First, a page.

Boris Johnson sinks beneath his own wishy-washiness in radio interview disaster

Boris Johnson in one of his more sane moments.

Do you enjoy a breakfast waffle? If you were listening to Radio 4’s Today programme, you got one whether you wanted it or not – from that master of baffled-gab, Boris Johnson.

In 20 minutes, he managed to reverse his ‘go whistle’ position on paying to exit the EU, back-stabbed his boss Theresa May (with a side-swipe, which makes it seem more impressive than it was), and demonstrated that he both supports and opposes Donald Trump – at the same time.

Let’s start with Brexit because he got into a real pickle over it. You will recall that he said, in Parliament, that the EU’s proposed bill for the UK to leave the political bloc were “extortionate” and that it could “go whistle”.

Today anchor Mishal Husein asked, what did he mean when he said the EU could “go whistle” over the Brexit bill?

“I was being asked about some very large sums of money… that the EU suggested we were on the hook for, and that’s not a number I recognised…” he began stumblingly (and inaccurately).

“Of course we will meet our obligations. We are law-abiding, bill-paying people. The UK has contributed hundreds of billions over the years.”

Oh! So he’s happy to pay?

“I’m not saying I accept Mr Barnier’s interpretation of what our obligations are, but we will meet our obligations as we understand them.”

He wouldn’t say how much he was prepared to pay before the sum became “extortionate”, adding: “I’m not going to get into a financial haggle…”

“Can they ‘go whistle’ if it’s more than £30 billion?” asked Ms Husein, obviously enjoying his discomfort.

And he collapsed. His response was waffle about getting “the best possible value for the UK taxpayer”.

Then he seemed to realise what he had done, because he claimed that he would give an absolutely precise answer. Here it is: “We should pay not a penny more, not a penny less, of what we think our legal obligations amount to.” Waffle.

And on the possibility of a two-to-three-year transition period, he started with more waffle about the government’s position. Pressed on what he thinks, he said: “There are several transition periods that are envisioned.” More waffle.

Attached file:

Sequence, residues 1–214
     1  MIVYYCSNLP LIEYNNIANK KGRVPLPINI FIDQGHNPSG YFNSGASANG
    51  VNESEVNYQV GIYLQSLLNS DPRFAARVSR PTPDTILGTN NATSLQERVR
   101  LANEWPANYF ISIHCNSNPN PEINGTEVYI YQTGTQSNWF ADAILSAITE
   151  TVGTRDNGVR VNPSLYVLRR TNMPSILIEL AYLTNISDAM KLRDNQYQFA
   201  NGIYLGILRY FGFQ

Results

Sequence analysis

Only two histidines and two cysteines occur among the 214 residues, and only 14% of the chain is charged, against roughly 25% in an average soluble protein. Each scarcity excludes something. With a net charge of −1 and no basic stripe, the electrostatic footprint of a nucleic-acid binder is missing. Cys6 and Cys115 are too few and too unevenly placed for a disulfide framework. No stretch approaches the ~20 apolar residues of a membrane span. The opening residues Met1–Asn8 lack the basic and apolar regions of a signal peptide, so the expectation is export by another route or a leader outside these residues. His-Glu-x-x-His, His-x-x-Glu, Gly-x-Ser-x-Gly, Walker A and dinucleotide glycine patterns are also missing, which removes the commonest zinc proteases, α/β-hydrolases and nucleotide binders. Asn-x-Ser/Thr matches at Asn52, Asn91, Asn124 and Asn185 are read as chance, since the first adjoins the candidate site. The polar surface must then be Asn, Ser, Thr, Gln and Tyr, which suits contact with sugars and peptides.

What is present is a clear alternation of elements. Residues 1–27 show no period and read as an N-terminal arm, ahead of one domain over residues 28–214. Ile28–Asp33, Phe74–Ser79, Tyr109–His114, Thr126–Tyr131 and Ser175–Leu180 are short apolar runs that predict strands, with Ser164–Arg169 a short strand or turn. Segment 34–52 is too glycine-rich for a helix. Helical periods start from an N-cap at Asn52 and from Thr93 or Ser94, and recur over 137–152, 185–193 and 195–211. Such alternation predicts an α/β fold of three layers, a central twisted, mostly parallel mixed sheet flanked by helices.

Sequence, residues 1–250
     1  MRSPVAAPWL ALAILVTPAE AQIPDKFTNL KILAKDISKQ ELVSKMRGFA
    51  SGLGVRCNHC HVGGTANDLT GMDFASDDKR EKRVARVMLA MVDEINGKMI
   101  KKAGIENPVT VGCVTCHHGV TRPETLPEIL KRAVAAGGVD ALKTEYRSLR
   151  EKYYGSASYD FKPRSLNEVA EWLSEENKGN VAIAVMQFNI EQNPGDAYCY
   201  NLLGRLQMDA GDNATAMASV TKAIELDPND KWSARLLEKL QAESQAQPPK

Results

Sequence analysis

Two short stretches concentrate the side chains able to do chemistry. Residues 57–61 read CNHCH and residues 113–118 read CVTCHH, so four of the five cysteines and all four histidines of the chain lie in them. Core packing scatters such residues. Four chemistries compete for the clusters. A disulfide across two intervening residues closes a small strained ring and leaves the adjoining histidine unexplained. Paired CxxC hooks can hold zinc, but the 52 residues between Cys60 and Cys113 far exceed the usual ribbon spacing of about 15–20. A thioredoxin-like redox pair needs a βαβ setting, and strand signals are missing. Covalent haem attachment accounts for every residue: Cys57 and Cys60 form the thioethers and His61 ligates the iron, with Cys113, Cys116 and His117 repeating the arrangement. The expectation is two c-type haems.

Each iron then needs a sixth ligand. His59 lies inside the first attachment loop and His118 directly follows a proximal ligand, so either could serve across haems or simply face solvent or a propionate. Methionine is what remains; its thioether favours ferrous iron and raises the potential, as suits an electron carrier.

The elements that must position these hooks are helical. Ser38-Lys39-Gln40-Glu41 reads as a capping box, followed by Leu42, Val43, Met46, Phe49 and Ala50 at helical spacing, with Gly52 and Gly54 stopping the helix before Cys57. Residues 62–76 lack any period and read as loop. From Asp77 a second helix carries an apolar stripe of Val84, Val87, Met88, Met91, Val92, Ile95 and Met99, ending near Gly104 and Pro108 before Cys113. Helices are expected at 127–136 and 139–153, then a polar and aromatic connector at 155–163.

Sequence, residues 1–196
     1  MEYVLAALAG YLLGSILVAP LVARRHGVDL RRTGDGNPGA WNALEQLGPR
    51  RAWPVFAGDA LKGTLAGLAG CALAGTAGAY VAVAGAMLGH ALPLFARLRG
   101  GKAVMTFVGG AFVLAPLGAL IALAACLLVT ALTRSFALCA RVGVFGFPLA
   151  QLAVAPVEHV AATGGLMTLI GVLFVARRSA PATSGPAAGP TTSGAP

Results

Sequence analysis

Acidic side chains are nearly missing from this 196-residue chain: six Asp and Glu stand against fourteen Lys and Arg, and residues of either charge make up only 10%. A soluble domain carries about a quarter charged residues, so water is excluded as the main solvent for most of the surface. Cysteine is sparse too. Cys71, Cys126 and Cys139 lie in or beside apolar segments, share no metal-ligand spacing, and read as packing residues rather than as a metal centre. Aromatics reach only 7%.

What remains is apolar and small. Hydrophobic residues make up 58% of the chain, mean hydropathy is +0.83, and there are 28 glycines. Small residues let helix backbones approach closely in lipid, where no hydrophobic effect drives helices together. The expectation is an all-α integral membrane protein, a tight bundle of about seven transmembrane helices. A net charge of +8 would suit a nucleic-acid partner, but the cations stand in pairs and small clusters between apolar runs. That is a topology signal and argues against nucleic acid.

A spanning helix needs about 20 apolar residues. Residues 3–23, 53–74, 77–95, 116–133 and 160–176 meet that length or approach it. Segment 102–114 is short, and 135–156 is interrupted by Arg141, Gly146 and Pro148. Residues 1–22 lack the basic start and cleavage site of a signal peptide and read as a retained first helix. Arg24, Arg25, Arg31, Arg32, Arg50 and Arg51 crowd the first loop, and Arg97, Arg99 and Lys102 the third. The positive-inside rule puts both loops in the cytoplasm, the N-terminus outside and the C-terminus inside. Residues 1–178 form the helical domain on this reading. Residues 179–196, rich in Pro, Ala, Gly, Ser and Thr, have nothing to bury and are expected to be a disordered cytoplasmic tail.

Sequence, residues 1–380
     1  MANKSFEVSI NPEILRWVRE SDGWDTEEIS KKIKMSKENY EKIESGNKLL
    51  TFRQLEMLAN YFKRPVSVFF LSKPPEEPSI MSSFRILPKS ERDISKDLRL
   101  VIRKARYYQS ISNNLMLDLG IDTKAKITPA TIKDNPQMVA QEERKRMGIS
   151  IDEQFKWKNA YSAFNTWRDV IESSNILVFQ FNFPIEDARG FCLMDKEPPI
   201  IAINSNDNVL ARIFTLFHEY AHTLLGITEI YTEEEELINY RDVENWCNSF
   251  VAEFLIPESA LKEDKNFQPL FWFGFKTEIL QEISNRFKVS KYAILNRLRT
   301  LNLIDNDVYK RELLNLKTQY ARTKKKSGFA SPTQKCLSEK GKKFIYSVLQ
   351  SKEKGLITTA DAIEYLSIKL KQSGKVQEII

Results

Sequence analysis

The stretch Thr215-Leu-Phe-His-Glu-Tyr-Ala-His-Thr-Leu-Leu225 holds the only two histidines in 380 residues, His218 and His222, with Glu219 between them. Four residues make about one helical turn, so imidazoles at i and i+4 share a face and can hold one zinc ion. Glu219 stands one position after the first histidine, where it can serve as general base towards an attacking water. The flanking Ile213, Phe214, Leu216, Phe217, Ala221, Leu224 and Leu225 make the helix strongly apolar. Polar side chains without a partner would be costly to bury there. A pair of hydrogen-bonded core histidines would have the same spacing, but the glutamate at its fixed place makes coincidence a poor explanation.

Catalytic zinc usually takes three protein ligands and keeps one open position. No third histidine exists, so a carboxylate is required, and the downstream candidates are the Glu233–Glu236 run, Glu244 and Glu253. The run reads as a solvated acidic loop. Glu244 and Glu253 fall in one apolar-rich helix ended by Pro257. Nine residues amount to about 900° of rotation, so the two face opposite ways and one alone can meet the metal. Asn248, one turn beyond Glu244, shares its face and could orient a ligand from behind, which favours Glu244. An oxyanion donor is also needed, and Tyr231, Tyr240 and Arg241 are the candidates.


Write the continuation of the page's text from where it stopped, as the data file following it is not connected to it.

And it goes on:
He went on to waffle that the UK would be “getting out with confidence and determination and doing it in a timely, orderly and effective manner”.

“What business would want us to achieve is speed and efficiency,” he added, with the relish of a man who had reached the end of his pre-scripted lines.

“The crucial thing is certainty,” he said, oblivious of the irony in the fact that he wasn’t offering any.


If that amount of waffle is making your stomach turn over, let’s consider something else:

The backstabbing side-swipe against Theresa May came during a discussion of the political situation in Libya, where an intervention supported by the Tory-Lib Dem Coalition government of 2010-15 left the country with two rival parliaments and four governments (according to the Telegraph).

Calling for unity, he said: “Politicians… need to suppress their own selfish interests, compromise for the good of the country.”

The Torygraph took this as a message for Theresa May, telling us he was saying her “disastrous” decision to call a snap election “shows the risk of going to the polls too early”.

Twitter commentators pointed out that the comment could be applied equally to Mr Johnson himself, who campaigned for Brexit in the belief that his political career would benefit from it (it didn’t).

Mr Johnson criticised US President Donald Trump over his comments following the Charlottesville rally in which an anti-fascist protester was killed, saying he was “totally wrong” to suggest that white supremacists, neo-Nazis and racists were “fine people”.

Despite this, the foreign secretary confirmed that the UK will still be welcoming Mr Trump on a state visit – at a future date that has not yet been set.

So he was both supporting and opposing Mr Trump, at the same time.

And Mr Johnson was mistaken on whether international students are included in official migration figures (they are; he said they weren’t)…

… and had to backtrack: “I am content with the success we are having in attracting international students”.

He said he was glad they were not overstaying their period in the UK and were “doing the right thing”. In that case, why include them in migration figures? They haven’t immigrated into the UK; they’re here for a specific purpose and then they leave.

“That is the way they are currently counted,” he dissembled.

The snap verdict, from Twitter, was damning:

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  1. Rusty August 25, 2017 at 12:26 pm - Reply

    I’m sure this will be forgotten by the msm! Just think if this was corbyn! This would be headline news.

  2. Malcolm Frame August 25, 2017 at 3:28 pm - Reply

    Can I ask when did Trump become president of the UK as stated in your article “Mr Johnson criticised UK President Donald Trump”

    • Mike Sivier August 25, 2017 at 11:46 pm - Reply

      Obviously that was a typo.
      Thanks for pointing it out (someone elsewhere also mentioned it). I’ve found and corrected it now.

  3. NMac August 26, 2017 at 7:34 am - Reply

    Johnson made his reputation by putting on a false buffoon act. He has now been exposed as a liar and a bumbling ass who is unfit for any high office.

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